The Sunday Paper #300
February 23, 2020
Paper of the Week: Tant Origami Paper
Two contributors to the book I’m writing recommended Tant origami paper, which I’d never heard of before. But you know how when you hear about something, it starts appearing everywhere? I was talking to a paper distributor a few weeks ago who told me that Tant is packaged in Echizen, the paper town I visited in Japan. Well of course, I had to get some to see for myself (and of course, to re-create the projects that are being contributed to my book). I got a pack of 100 sheets (6″ x 6″) in assorted colors. I created the weaving you see here during Weave Through Winter (my online class that wrapped up last week). Oh, and that little 300 in the middle is because this is the 300th edition of The Sunday Paper! I wonder if anyone has read all 300 issues?
In the Studio:
I am busy creating the prototypes for the projects in my upcoming online class Flexible Book Structures. This is an expanding file folder book with a magnetic closure.
- Sets of all of four Twelve Months of Paper Calendars + The Paper Year are available at a big discount (the calendars are out of date, but the instructions for 48+ projects lasts forever).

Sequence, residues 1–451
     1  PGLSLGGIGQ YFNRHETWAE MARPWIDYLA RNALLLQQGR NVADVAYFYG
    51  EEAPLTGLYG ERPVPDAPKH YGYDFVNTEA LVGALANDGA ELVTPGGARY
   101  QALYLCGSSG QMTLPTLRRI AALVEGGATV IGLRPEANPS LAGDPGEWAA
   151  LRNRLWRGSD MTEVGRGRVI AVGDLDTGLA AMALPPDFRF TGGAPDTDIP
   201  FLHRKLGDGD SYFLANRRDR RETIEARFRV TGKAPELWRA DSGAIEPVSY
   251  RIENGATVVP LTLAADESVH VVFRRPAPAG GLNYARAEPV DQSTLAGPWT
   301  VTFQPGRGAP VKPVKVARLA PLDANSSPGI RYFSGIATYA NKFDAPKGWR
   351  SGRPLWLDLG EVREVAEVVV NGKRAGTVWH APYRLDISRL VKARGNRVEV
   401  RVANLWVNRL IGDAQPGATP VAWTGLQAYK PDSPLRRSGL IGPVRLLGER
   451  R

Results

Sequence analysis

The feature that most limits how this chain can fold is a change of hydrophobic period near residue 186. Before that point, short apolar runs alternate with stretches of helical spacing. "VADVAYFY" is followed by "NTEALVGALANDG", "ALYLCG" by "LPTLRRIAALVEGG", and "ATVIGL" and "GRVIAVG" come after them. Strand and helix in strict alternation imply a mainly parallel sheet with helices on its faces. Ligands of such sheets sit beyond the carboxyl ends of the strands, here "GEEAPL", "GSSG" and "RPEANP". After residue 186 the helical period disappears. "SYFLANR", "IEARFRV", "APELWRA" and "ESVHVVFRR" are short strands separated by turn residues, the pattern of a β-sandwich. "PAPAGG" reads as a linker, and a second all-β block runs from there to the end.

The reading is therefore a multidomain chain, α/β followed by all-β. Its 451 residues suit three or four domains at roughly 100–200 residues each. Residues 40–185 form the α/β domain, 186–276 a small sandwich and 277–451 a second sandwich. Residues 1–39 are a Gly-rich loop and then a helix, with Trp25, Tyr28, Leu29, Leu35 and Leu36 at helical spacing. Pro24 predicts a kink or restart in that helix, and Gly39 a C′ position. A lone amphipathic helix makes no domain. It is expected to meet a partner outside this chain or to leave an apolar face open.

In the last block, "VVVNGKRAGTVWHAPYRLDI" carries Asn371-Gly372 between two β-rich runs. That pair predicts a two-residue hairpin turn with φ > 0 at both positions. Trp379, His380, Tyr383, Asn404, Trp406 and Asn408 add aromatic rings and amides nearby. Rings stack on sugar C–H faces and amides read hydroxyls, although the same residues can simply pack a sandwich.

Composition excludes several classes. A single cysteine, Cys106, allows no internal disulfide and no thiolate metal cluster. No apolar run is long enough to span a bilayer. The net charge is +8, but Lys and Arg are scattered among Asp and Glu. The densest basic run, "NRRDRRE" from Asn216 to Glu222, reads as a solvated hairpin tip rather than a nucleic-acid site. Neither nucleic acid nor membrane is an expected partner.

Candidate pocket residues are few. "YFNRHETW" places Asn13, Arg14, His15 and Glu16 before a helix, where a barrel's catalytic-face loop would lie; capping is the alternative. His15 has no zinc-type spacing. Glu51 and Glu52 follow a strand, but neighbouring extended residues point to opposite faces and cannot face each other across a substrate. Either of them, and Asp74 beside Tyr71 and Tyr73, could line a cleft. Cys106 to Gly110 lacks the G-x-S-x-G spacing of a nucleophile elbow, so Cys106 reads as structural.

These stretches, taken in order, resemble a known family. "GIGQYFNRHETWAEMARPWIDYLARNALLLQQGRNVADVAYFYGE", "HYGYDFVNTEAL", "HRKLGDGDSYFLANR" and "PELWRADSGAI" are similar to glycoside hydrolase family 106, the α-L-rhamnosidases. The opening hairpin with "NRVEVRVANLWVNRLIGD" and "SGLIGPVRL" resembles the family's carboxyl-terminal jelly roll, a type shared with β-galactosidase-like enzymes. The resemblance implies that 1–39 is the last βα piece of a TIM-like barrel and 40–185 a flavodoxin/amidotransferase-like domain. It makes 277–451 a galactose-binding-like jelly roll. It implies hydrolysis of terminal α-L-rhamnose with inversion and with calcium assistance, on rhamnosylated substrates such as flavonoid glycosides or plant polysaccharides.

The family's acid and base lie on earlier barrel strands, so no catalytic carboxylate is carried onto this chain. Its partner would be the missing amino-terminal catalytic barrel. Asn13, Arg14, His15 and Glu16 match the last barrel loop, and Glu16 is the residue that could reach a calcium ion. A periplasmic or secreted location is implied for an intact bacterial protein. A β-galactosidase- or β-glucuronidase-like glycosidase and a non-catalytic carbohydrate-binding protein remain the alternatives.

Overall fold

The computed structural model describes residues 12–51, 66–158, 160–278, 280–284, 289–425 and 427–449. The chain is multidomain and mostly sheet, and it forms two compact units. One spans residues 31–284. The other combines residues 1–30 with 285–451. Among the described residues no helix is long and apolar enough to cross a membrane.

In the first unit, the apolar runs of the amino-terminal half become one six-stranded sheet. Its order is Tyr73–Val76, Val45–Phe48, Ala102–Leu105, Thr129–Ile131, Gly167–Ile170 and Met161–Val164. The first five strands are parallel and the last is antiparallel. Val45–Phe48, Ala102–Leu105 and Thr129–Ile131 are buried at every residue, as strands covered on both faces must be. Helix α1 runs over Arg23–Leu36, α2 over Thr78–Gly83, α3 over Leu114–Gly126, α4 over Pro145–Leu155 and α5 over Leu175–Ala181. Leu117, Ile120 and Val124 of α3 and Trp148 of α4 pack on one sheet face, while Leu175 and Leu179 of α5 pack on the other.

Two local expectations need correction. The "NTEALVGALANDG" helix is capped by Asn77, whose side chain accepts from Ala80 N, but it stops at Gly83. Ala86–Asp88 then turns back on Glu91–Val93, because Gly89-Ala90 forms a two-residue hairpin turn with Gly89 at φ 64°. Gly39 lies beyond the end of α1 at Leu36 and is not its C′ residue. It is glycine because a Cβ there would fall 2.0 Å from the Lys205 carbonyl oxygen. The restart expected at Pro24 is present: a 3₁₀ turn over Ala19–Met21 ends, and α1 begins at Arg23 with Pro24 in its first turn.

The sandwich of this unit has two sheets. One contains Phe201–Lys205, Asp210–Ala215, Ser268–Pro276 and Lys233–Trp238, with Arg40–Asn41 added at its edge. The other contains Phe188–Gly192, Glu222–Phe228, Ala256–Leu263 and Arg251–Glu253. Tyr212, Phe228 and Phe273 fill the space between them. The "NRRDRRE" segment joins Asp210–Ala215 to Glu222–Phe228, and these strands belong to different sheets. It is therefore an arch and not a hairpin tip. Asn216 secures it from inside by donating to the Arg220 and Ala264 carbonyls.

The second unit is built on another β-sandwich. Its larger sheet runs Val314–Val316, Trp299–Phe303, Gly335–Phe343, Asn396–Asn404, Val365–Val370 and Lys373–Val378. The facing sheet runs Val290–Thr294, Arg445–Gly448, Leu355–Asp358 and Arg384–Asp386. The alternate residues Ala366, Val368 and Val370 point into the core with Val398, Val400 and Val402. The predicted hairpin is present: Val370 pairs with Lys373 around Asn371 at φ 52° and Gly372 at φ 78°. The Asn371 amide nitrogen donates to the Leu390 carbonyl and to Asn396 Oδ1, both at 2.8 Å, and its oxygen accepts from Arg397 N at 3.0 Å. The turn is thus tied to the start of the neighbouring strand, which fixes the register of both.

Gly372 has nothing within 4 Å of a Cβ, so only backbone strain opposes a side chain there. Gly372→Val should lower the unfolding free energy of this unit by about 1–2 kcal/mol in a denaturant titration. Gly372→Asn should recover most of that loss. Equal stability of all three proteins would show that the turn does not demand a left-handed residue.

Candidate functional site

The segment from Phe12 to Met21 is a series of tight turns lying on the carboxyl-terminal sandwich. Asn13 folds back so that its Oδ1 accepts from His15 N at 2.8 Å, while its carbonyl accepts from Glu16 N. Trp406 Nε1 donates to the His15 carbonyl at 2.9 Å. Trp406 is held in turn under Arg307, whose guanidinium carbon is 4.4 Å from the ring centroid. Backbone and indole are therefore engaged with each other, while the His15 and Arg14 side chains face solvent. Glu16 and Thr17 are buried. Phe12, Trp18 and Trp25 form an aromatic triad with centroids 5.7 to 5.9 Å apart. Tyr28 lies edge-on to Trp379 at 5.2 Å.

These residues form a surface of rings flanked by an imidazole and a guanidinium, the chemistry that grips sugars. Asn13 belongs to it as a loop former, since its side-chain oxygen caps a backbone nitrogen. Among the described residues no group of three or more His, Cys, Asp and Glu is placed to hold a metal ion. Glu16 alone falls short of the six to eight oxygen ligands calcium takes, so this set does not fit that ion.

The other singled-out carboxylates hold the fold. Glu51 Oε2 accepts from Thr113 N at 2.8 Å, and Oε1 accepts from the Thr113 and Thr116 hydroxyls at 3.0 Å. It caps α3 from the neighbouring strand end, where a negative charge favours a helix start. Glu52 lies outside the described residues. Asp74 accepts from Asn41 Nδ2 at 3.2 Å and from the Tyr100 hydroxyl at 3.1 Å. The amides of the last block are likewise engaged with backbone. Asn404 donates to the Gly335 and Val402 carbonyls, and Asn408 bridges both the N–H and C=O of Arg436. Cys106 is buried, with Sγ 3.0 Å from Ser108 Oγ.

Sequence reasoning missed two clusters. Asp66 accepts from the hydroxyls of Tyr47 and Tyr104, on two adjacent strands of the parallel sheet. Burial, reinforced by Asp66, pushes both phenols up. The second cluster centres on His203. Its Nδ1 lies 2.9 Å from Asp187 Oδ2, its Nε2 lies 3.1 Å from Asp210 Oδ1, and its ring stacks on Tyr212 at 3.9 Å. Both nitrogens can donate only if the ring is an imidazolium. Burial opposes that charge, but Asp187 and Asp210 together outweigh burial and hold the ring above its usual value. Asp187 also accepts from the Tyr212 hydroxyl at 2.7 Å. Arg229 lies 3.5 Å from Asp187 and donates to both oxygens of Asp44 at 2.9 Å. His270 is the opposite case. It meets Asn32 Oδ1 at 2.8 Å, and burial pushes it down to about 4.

- Registration for my spring online class Flexible Book Structures II opens in early March (that’s soon)! Sign the list to receive a $10 coupon when registration opens.
- Have you listened to my interview with origami master Michael LaFosse on Paper Talk?
I love the simplicity of pure white paper. Angela Glajcar creates environments using just hand-torn paper, light, and space. Her work is on view through March 28th at K.OSS Contemporary Art in Detroit.
More white! Ayumi Shibata envisions the three-dimensional shapes she wants to create and begins cutting. I love what she says: “White paper expresses the yang, light, and the process to cut expresses the yin, shadow. When the sun shines upon an object, a shadow is born.”
The Press at the Palace of the Governors has a new limited edition publication: Narrative of the Life of Frederick Douglass An American Slave. 2020 marks the 175th anniversary of the first appearance of this text. I enjoyed reading about the paper used for the book: the text is printed on Zerkall Book, a mould-made paper from the Zerkall Paper Mills near Düren, Germany, and Barry Moser’s engravings are printed on a vintage mould-made sheet from the Whatman Paper Mills near Maidstone, England, founded in 1740. The marbled papers were made by the book’s printer, Thomas Leech. Only sixty copies are available. Ooh la la!
Look at this gorgeous tunnel book that Lisa Merkin shared over in The Paper Studio. We’re focusing on pop-ups this month, and it has been amazing to see all of the variations. Interested in creating with us on Facebook? You’ll find us in The Paper Studio. Simply request to join the group and we’ll see you there!
This is a cool video about John Collins, who flies world record paper airplanes.
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